Trails of different widths and difficulty ratings exist for different activities. Marys Peak is located in the Siuslaw National Forest and the U.S. Forest Service has a long list of standard trail plans and specifications depending on what activities a trail is intended for.
That means the width of a trail used for mountain biking is going to be narrower than a trail used for hiking. And mountain bikers prefer to keep it that way—especially on popular stretches of singletrack throughout the Marys Peak trail system, like the North Ridge and East Ridge trails. Something that’s also a different preference for mountain bikers versus hikers, mountain bikers like berms and bumps and roots and turns. The trail was designed the way it was for a reason.
But a group of individuals who were spending some time conducting volunteer trail maintenance (not mountain bikers) allegedly “went outside of the standard trail plans and specifications” on a section of mountain bike-friendly singletrack, according to Carl Bauer, the deputy district ranger for the Siuslaw National Forest’s Central Coast Ranger District and Oregon Dunes National Recreation Area.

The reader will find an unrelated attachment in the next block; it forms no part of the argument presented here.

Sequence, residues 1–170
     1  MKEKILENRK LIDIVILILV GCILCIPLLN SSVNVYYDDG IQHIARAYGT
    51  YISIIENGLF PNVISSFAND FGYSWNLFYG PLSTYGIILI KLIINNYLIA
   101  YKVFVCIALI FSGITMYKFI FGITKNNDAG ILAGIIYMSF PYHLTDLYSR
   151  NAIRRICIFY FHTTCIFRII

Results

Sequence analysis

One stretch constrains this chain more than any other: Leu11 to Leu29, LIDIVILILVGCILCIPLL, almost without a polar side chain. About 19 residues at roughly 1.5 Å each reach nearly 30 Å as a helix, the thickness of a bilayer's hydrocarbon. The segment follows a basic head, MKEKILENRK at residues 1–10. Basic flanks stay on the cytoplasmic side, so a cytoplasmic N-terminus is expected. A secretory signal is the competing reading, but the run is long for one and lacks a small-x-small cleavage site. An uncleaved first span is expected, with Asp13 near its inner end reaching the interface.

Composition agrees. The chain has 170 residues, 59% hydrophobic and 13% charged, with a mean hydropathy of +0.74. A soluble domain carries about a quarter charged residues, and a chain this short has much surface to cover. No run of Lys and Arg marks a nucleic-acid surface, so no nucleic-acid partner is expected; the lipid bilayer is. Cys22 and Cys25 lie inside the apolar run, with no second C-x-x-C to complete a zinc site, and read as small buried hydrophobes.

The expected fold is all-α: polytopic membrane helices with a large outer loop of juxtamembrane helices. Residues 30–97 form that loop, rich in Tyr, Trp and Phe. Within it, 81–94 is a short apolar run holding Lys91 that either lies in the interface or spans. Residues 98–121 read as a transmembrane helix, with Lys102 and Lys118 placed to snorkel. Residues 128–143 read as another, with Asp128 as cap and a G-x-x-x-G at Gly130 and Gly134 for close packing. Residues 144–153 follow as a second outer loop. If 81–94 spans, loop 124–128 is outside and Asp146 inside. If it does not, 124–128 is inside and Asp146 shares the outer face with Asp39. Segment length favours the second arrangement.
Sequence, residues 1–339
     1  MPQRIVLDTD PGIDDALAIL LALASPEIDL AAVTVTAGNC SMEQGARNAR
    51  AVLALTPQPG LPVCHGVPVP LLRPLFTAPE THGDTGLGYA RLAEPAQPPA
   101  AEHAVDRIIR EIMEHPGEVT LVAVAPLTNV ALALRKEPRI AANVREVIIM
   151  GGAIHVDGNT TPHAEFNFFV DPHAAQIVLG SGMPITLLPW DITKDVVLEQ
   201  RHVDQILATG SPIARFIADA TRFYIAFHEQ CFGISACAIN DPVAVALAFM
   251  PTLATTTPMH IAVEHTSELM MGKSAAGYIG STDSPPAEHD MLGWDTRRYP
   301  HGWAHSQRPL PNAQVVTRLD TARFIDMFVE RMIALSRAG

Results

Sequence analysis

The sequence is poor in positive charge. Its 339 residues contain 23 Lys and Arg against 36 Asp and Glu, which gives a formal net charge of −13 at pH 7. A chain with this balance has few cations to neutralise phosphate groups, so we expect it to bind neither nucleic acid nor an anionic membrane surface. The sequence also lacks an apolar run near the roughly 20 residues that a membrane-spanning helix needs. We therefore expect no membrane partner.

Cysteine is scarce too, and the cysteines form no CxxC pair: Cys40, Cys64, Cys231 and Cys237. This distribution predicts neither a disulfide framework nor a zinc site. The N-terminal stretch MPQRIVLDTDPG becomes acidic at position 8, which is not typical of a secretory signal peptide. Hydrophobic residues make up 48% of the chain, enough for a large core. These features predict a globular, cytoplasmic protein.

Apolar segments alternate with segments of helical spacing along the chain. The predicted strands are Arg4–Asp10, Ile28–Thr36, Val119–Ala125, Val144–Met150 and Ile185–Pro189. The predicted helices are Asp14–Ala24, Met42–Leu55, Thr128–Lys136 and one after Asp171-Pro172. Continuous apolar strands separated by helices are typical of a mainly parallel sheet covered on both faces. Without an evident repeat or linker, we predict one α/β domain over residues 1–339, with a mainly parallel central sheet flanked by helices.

“The trails have become more popular with mountain bikers and with hikers,” Bauer said.
Volunteers have also spent time reworking some of the trails that were maintained incorrectly in efforts to get them “back to where they should’ve been,” according to Bauer.
“There are bumps and rocks and singletrack at 18 inches [in width] or less,” he said. “People were taking out bumps, making the trail wider than 18 inches.”
The incidents occurred around late spring and early summer, and Bauer added he hasn’t heard much about improper trail maintenance in recent months.
The Benton County Sheriff’s Office (BCSO) also helps keep an eye on the Marys Peak area.
BCSO Corporal Al Schermerhorn agreed that he hasn’t heard much about the Marys Peak trails since summer.
“We do occasionally have problems, but I don’t believe that we’ve had any more problems up there,” he said.
Sometimes mountain bikers can create problems when they make rogue trails throughout the area, too, according to Schermerhorn.
But he added that groups like Team Dirt, which is a dedicated group of volunteers that make up the local International Mountain Bicycling Association (IMBA) chapter, are good for the community.
“Team Dirt is trying to do a lot of good things and educate [people],” Schermerhorn said.
And the majority of mountain bikers in the community would probably prefer to keep the trails legit and technical elements in place, as they’re meant to be—bumps and all.
By Abbie Tumbleson